The Celts inhabited North West Scotland, Wales and Ireland. In the 7th Century, one of their missionaries, Aidan, came to Northumbria to introduce Christianity. Over time the pagan kingdoms of north eastern England were converted to Christianity.
The Celts were pragmatic and able to accept Christianity as a way of life. Many features of their approach have resonance with our lives today:-

  • They believed as we believe that God is the Creator and He is always overwhelmingly present all around. The Celtic church celebrated grace and nature as good gifts from God and recognised the sacredness of all creation.
  • God is present in the “busyness” of life. He is here in the hustle and bustle of our towns and cities and He is to be celebrated here as the Celts celebrated Him in their working lives. We know that they prayed whilst milking the cow, lighting the fire, at a child’s birth or at a loved one’s deathbed. They sung or chanted at the rising and setting of the sun. As a result of this philosophy they saw a thin boundary between the sacred and the secular.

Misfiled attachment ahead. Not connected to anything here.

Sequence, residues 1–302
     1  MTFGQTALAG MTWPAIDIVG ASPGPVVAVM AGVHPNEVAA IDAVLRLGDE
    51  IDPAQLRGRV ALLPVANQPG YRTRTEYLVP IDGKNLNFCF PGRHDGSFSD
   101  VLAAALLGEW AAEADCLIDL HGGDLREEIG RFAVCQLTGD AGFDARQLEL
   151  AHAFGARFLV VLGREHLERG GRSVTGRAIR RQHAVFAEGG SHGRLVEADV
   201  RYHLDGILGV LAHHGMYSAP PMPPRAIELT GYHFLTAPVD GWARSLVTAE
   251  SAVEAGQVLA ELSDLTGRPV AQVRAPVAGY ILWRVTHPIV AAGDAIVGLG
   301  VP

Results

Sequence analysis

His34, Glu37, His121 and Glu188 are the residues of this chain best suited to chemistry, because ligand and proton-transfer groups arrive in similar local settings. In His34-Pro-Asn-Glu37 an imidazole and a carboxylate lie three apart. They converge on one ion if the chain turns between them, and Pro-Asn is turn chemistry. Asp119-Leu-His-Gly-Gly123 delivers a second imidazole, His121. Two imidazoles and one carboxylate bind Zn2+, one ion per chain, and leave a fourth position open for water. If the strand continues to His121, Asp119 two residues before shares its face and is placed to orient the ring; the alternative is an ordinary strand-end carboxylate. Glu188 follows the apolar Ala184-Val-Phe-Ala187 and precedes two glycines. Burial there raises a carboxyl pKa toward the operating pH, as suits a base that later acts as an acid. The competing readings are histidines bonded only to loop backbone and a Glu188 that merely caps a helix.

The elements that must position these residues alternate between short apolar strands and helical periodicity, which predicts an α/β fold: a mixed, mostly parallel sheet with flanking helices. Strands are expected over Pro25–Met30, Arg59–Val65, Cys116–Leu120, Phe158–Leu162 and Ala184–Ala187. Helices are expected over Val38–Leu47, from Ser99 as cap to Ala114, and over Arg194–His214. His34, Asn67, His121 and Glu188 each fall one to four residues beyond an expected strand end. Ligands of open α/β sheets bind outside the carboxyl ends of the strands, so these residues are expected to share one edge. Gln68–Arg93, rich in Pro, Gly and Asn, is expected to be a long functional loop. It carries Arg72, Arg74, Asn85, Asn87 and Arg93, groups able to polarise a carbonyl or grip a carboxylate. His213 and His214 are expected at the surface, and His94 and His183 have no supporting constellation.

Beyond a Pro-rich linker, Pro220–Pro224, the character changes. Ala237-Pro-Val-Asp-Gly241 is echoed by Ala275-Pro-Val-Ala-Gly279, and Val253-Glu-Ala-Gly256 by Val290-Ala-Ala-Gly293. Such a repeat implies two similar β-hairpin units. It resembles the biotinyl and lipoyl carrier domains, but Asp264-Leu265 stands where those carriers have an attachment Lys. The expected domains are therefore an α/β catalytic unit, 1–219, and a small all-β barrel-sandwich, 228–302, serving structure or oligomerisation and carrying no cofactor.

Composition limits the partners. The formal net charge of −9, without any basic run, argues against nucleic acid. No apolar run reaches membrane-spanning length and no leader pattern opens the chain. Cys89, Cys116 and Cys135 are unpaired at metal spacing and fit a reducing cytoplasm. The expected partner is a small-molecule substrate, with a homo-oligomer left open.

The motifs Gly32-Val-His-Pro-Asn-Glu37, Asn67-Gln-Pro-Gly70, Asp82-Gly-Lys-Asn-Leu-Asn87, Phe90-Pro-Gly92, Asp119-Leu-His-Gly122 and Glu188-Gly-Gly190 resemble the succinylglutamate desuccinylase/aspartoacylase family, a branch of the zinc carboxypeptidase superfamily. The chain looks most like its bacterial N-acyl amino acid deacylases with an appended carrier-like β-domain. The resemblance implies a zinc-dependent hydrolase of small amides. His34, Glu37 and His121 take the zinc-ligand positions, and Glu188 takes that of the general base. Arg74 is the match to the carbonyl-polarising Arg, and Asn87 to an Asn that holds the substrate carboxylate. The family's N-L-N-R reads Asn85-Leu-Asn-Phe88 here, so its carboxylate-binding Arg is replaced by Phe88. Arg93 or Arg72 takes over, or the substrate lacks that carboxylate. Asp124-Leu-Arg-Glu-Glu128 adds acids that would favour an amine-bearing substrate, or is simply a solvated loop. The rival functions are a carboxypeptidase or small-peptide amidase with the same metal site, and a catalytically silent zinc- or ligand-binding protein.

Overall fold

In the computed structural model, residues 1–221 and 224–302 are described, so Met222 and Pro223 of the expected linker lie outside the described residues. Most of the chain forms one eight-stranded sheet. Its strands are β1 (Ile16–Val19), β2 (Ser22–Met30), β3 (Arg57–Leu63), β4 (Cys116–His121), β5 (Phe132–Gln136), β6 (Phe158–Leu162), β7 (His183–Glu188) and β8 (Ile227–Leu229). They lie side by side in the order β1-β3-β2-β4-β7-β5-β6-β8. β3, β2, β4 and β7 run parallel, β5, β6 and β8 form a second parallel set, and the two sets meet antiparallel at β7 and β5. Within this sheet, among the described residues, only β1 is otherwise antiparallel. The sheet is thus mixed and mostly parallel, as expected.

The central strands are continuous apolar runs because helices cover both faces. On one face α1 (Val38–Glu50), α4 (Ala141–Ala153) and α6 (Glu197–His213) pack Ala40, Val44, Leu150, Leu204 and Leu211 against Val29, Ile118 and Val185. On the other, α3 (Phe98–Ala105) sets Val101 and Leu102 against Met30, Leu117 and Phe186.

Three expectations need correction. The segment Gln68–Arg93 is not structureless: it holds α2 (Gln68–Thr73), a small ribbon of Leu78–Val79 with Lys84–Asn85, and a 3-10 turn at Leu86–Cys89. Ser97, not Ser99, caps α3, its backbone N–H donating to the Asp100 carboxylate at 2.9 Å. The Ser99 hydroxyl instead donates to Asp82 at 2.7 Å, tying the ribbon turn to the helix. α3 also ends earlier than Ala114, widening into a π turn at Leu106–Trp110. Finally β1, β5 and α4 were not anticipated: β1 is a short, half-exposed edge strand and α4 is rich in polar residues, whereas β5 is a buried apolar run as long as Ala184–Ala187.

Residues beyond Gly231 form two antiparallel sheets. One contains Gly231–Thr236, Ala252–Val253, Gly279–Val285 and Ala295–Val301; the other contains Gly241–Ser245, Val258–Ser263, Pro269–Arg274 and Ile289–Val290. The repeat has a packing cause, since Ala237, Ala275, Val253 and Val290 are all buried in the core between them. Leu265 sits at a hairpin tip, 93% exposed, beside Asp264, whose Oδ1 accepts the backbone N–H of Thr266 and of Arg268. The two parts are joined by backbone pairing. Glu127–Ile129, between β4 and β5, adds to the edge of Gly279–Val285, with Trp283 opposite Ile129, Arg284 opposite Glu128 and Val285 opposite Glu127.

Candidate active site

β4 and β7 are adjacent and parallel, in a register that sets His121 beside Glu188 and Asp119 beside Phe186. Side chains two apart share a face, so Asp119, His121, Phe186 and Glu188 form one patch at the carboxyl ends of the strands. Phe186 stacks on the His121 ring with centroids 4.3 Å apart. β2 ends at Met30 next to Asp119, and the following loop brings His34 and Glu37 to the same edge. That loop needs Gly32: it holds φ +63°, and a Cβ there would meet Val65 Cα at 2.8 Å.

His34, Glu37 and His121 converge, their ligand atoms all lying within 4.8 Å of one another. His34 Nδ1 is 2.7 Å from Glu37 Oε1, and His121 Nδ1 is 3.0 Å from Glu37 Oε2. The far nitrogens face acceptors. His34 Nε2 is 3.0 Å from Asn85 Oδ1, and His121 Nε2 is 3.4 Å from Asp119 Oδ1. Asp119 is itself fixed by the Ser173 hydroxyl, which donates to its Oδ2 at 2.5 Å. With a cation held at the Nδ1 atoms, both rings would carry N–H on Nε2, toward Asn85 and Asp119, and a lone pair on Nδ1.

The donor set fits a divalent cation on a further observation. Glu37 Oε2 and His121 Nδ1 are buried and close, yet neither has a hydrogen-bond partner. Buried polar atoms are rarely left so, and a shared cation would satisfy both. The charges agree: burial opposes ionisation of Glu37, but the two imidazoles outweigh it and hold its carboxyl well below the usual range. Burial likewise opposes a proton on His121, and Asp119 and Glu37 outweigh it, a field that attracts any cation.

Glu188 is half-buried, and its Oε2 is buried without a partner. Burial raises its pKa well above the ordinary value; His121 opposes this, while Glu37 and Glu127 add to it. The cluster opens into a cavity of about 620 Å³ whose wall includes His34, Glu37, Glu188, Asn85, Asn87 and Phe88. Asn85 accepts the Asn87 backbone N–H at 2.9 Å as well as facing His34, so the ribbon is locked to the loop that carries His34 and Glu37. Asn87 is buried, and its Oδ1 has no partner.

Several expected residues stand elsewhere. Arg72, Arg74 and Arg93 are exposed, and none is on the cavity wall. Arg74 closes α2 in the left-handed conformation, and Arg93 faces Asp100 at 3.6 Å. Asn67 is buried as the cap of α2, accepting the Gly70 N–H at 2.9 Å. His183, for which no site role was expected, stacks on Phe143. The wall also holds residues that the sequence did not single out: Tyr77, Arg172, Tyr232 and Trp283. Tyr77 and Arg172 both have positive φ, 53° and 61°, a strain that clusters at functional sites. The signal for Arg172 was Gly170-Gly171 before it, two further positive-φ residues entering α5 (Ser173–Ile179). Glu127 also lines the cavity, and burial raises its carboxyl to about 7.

More seriously:-

  • Like Eastern Orthodox Christians the Celts understood the concept of the Trinity and the mystery of God who is both one in three and three in one. Many of their prayers invoke the “Holy Three”, that is, the Father, Son and Holy Spirit.
  • They attached great importance to Mary the mother of Jesus. The mother’s love is at the heart of the Godhead and the sanctity of family and community. Flowing from this emphasis on family life is their mandate for hospitality. They loved and respected art, poetry, great stories and higher learning.

Today in this Church we continue their tradition of hospitality and celebration of life. The Church is open as a sacred space available for personal prayer and contemplation. We use our Church to allow others to celebrate God’s gifts through the performance of music, song and drama.